In order to help knowledge acquisition and accumulation from past experiences, we propose a KFC (Knowledge Feedback Cycle) framework among engineers and researchers. Three tools (Empirical Project Monitor, Simulator, and Replayer) are used to circulate captured knowledge in KFC. Project Replayer is a most characteristic tool used to review data of past projects derived from development logs; version control, bug reports and e-mails. With Project Replayer, past projects can be easily revisited and complicated phenomena of past projects can be investigated. As a result of preliminary experiments, we have confirmed that Project Replayer helps researchers construct and validate hypotheses of software process. We also confirmed that developers have acquired new knowledge about a certain problem extracted from past projects.

Keita Goto, Noriko Hankawa, Hajimu Iida

Software Process Measurement in the Real World: Dealing with Operating Constraints

Process measurement occurs in an increasingly dynamic context, characterized by limited resources and by the need to deliver results at the pace of changing technologies, processes and products. Traditional measurement techniques (like the GQM) have been extensively and successfully employed in situations with little or no operating constraints. This paper reports about a measurement project in which –in order to limit the cost and duration of the activities– the team could not perform ad hoc measurements, but had to rely almost exclusively on the data that could be extracted automatically from development and measurement tools already in use. Exploiting the flexibility of the GQM technique, and with the support of a tool supporting the GQM, it was possible to define and execute the measurement plan, to analyze the collected data, and to formulate results in only three months, and spending a very small amount of resources.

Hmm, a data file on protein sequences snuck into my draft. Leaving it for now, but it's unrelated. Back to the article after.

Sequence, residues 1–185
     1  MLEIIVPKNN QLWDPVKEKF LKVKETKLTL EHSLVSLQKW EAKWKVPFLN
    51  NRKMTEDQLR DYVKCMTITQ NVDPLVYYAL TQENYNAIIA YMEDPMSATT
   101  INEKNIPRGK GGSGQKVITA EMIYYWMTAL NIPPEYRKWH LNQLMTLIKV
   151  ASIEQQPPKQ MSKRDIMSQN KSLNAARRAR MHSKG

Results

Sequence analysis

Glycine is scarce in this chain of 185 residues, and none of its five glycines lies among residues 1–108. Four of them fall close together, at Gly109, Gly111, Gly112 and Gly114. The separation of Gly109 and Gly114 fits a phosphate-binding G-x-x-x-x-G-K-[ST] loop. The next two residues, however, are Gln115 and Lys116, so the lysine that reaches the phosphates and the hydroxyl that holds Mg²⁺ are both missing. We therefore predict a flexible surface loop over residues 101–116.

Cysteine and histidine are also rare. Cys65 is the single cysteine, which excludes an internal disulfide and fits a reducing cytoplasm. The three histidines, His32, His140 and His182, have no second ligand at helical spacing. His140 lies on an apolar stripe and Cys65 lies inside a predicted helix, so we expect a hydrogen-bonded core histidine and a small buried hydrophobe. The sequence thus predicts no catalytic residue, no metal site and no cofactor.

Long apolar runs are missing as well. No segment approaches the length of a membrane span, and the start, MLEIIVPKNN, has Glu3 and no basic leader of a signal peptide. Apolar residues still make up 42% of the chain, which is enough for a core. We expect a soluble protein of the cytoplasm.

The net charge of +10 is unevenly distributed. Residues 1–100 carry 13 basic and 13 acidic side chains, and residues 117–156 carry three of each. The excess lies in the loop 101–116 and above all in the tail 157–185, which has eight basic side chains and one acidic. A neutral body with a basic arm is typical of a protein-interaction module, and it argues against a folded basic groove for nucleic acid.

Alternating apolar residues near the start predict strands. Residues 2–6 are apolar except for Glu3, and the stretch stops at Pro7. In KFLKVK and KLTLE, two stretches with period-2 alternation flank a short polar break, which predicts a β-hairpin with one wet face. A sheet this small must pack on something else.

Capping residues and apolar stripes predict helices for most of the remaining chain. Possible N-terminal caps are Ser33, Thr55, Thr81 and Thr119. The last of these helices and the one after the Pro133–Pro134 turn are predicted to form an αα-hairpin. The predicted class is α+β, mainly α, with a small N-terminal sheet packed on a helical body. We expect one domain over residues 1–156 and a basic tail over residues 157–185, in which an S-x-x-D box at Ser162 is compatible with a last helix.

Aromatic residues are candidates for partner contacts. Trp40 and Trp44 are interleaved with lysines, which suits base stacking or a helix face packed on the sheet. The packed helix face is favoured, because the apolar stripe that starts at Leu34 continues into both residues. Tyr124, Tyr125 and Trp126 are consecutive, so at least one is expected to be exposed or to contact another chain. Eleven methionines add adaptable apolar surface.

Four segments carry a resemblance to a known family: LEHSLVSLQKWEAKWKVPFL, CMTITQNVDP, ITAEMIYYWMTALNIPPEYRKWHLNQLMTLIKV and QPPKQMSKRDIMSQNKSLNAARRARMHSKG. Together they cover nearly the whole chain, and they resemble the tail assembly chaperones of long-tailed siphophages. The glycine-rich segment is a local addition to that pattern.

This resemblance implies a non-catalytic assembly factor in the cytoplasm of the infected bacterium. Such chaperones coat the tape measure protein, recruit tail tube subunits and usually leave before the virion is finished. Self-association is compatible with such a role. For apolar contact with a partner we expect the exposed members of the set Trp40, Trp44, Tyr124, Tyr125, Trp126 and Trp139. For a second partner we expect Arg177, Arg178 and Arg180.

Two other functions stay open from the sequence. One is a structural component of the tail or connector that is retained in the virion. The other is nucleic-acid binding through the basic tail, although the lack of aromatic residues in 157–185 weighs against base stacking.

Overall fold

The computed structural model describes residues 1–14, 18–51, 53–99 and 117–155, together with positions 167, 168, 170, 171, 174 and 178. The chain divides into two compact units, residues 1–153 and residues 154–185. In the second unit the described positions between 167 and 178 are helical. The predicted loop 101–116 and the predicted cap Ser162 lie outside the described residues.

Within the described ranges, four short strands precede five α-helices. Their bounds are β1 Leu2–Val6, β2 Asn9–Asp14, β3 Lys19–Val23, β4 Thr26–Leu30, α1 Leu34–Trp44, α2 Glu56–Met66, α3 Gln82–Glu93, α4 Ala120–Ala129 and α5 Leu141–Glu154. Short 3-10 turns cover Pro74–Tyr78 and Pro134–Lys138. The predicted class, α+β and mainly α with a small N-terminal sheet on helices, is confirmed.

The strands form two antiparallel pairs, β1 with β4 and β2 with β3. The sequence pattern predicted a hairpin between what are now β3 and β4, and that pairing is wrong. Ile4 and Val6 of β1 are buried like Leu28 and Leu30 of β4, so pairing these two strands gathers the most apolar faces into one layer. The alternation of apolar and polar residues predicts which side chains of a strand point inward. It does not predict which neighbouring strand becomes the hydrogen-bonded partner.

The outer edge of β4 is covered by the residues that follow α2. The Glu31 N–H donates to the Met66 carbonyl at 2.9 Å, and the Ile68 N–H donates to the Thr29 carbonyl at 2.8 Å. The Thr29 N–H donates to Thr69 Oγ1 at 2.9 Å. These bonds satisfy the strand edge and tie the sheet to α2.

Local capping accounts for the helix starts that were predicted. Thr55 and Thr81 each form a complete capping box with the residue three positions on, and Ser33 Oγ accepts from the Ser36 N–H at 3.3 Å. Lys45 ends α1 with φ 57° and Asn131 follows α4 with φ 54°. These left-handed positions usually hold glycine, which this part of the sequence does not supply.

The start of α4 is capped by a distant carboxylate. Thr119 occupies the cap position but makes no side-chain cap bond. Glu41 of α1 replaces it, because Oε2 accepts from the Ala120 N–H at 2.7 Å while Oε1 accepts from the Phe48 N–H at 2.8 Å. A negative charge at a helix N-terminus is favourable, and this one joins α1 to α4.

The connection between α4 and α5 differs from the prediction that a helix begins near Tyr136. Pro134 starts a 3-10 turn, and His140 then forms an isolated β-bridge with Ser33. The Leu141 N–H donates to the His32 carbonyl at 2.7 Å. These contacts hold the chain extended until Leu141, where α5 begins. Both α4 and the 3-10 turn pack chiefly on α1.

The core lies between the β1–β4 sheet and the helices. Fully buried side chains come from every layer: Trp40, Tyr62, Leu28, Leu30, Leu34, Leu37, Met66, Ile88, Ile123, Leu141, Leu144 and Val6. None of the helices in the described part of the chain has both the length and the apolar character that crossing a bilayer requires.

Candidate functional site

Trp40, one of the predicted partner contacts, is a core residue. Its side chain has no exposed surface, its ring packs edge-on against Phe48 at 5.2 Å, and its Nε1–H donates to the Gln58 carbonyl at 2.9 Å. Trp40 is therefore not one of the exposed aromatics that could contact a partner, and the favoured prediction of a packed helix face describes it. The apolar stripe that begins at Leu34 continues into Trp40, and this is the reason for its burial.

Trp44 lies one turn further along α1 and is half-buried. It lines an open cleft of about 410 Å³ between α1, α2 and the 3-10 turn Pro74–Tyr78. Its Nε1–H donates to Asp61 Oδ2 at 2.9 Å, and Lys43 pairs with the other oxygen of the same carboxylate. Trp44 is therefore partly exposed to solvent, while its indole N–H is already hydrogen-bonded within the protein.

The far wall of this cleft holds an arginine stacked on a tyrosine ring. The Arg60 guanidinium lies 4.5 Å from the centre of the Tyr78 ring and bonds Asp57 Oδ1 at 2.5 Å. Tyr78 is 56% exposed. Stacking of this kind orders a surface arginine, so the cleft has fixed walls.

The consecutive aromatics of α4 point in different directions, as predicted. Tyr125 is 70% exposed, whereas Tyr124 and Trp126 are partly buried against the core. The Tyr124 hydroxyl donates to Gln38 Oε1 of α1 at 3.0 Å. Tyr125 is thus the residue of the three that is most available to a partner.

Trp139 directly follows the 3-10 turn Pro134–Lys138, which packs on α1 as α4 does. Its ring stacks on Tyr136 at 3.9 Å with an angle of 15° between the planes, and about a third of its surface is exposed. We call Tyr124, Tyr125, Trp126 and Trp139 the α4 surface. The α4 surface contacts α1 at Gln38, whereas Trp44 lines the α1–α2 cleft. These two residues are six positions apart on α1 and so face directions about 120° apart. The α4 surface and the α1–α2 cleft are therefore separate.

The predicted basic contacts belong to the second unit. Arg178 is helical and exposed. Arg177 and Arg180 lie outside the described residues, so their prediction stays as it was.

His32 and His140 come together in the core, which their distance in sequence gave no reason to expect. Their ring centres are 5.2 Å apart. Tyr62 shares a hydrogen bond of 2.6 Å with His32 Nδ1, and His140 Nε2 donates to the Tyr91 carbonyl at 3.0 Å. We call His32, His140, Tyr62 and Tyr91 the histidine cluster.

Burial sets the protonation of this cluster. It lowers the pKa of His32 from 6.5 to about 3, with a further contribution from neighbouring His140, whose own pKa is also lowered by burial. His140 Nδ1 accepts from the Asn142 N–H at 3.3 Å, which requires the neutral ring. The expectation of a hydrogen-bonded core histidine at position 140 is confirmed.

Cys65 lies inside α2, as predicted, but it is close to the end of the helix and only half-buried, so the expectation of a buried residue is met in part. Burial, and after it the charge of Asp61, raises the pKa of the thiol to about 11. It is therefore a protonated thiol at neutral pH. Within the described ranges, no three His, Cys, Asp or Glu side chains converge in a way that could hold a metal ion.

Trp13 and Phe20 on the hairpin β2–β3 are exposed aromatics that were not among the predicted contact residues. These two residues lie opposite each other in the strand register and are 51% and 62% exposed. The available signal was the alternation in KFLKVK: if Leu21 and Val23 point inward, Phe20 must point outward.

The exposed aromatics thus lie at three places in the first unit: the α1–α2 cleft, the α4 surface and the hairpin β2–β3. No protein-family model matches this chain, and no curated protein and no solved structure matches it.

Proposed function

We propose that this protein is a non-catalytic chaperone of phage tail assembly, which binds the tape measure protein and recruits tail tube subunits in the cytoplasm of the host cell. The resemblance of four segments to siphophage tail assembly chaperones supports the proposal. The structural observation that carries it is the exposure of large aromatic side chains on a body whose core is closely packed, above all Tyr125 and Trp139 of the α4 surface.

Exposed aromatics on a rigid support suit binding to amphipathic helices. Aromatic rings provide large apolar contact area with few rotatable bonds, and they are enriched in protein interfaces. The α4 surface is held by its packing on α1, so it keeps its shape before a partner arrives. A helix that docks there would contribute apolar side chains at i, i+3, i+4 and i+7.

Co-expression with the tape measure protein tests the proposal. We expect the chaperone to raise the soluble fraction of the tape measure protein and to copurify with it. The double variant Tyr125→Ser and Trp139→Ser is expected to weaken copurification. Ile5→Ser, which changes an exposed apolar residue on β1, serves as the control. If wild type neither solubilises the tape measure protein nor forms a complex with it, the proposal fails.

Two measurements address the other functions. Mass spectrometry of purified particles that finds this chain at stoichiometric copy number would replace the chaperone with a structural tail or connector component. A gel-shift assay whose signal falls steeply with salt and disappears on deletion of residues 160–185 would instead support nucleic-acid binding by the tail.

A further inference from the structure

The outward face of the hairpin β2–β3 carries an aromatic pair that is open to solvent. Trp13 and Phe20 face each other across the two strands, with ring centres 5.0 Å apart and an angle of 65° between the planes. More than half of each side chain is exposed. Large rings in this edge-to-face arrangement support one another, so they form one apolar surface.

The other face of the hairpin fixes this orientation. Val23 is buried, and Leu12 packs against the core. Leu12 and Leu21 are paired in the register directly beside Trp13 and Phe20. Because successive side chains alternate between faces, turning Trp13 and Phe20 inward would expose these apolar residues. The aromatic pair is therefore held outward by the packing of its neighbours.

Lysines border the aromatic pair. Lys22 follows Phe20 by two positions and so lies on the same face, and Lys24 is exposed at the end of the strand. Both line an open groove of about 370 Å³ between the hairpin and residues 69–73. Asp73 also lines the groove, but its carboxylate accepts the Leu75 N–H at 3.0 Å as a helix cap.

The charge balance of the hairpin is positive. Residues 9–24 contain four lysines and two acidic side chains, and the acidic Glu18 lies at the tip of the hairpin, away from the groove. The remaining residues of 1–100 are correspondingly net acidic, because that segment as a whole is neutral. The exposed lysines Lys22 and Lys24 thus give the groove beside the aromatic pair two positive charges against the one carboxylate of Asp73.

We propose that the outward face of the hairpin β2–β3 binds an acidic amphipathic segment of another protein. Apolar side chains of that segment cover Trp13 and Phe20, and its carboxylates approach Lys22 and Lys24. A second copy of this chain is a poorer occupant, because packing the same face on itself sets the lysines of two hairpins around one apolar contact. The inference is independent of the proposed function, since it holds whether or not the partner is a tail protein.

Luigi Lavazza, Marco Mauri

Evaluation of Project Quality: A DEA-Based Approach

The evaluation of project quality exhibits multivariable, VRS (variable return to scale) and decision maker’s preference properties. In this paper, we present a Data Envelopment Analysis (DEA) based evaluation approach. The DEA VRS model, which handles multivariable and VRSeffectively, is used to measure project quality. And the DEA cone ratio model, which utilizes Analytical Hierarchy Process (AHP) to constrain quality metrics with respect to decision maker’s preference, is also adopted to analyze the return to scaleof the projects. A case study, which assesses 10 projects from ITECHS and 20 “Top active” projects on with the novel method, is demonstrated. The results indicate that our approach is effective for quality evaluation and can get accurate estimates of future possible improvements.

Shen Zhang, Yongji Wang, Jie Tong, Jinhui Zhou, Li Ruan

Process Management

A Pattern-Based Solution to Bridge the Gap Between Theory and Practice in Using Process Models

In order to extend the use of software process improvement programs and to make it independent of organizational features, this work describes the results obtained using a knowledge based model and tool, and proposes a pattern-based solution, using a SPEM (Software Process Engineering Metamodel) exten-sion, in order to improve the efficiency of use of the knowledge-based model proposed.

Antonio Amescua, Javier García, Maria-Isabel Sánchez-Segura, Fuensanta Medina-Domínguez

On Mobility of Software Processes

In this paper, the

mobility of software processes